Bar Bulletin: Getting strategy in order for senior planning

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  • | 12:00 p.m. November 24, 2014
Mike Jorgensen
Mike Jorgensen
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Older Americans control a large amount of the wealth and have a continued interest in protecting that wealth from loss.

Older Americans also want to stretch their assets as long as possible in order to avoid running out of money well before they die.

As Americans age, many look for ways to preserve, maintain or transfer their assets. Whether the assets are many or few, there are steps that can be taken to further secure and maintain a distinct lifestyle.

Reasons for preserving assets

 Provide assets and income for a surviving spouse: Though tragic, when a spouse dies, income is usually reduced through loss of Social Security benefits or reduction of retirement pension. This can be hard for the surviving spouse having to learn to live on less and prepare for following years.

Protect assets and income from deterioration or loss of property: Unexpected property loss may result in a drain on available cash assets. Lack of regular maintenance or damage may result in expensive repairs. There are estate preservation strategies that strive to recognize these losses and to provide potential solutions to avoid these losses with adequate insurance coverage. Additional help may be sought through grants, tax credits and other programs that provide maintenance or savings on utility bills.

Maintain assets to pay for medical care and end-of-life: Paying for Medicare supplemental policies, medical co-pays and the cost of prescription drugs not covered by insurance can reduce available assets. Costs associated with dying can drain the estate. Strategies are designed to identify these costs and how to deal with them while assets are still in place to provide protection.

Maintain assets to pay for long-term care: The need for long-term care often occurs at the end of life. Unfortunately, this is the time when assets are already stretched thin. The cost of home care, or assisted living or nursing home care can be very expensive. Assets that have taken a lifetime to accumulate can be wiped out in a matter of months. Strategies are designed to take advantage of government programs to cut down on the burn rate of assets when the need for care occurs.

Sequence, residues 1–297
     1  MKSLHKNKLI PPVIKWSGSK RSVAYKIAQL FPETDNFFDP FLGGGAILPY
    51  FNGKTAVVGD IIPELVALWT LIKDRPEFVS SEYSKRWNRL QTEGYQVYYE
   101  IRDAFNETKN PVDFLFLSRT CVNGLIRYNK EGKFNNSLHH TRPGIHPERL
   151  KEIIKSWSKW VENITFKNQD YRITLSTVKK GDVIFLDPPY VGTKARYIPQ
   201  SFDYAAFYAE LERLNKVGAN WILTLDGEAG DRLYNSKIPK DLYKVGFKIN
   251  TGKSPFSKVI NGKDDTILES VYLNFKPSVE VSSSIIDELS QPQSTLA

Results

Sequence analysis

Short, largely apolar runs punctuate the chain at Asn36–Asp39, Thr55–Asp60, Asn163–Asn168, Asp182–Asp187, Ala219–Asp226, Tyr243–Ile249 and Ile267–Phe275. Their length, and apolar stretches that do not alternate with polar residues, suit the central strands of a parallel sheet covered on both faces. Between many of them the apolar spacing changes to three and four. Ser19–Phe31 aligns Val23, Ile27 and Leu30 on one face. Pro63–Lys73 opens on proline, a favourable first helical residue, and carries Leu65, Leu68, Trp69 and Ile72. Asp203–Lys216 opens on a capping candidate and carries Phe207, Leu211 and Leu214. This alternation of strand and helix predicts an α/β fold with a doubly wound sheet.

Compensate children or grandchildren for their sacrifice: It is very common for children or grandchildren to put their lives on hold and to sacrifice their time and their income to care for loved ones in their final years of life. It is only fitting that any assets remaining should go toward helping family members get back on their feet after their sacrifice of months or years of providing care.

Provide an inheritance for children or grandchildren: Many seniors have worked hard their whole lives to accumulate cash savings, investments and a fully owned personal residence. They prefer to have their children have the money. Many aging seniors will actually forego medical care or long-term care or maintenance on their property to leave more money to their children.

Transferring assets for tax planning or to qualify for government programs: Many elderly look to the government to help them pay for home care, assisted living or nursing home care. At least two government programs may be able to help pay for this care but both prevent participation for seniors who have too much in assets.

These programs are the Department of Veterans Affairs Pension Benefit (more commonly known as the Aid and Attendance Benefit) and Medicaid long-term care. In order to qualify, participants must have little or no money in cash equivalent assets. Some individuals transfer the assets out of their name and control of persons eligible for these programs and thus, allow participation in the programs.

There also are a number of government programs that help rich and poor without consideration of assets. Medicare, for example, is funded through premiums by participants and directly through the federal general fund from taxpayer dollars. In general, all people 65 years and older who have been legal residents of the United States for at least five years are eligible for Medicare.

Another area where there is no discrimination between those having assets and those without is tax planning.

Some individuals use strategies such as taking advantage of the deductions available to senior households, including deductions for expensive health care, taking advantage of tax deferral on gains from the homestead and the like.

Estate planning and end-of-life issues

A key deficiency in the process of preserving or transferring assets occurs when seniors fail to provide for orderly distribution of assets at death or fail to let their family know what to do when the senior can no longer handle his or her own affairs.

Estate planning from a qualified estate and elder law planning attorney who specializes in the design and creation of documents to provide the orderly transfer of assets and property include wills, trusts, living wills, powers of attorney and special medical directives. Estate and elder law planning attorneys need to become more involved in the planning process by helping in the creation of the long-term care plan.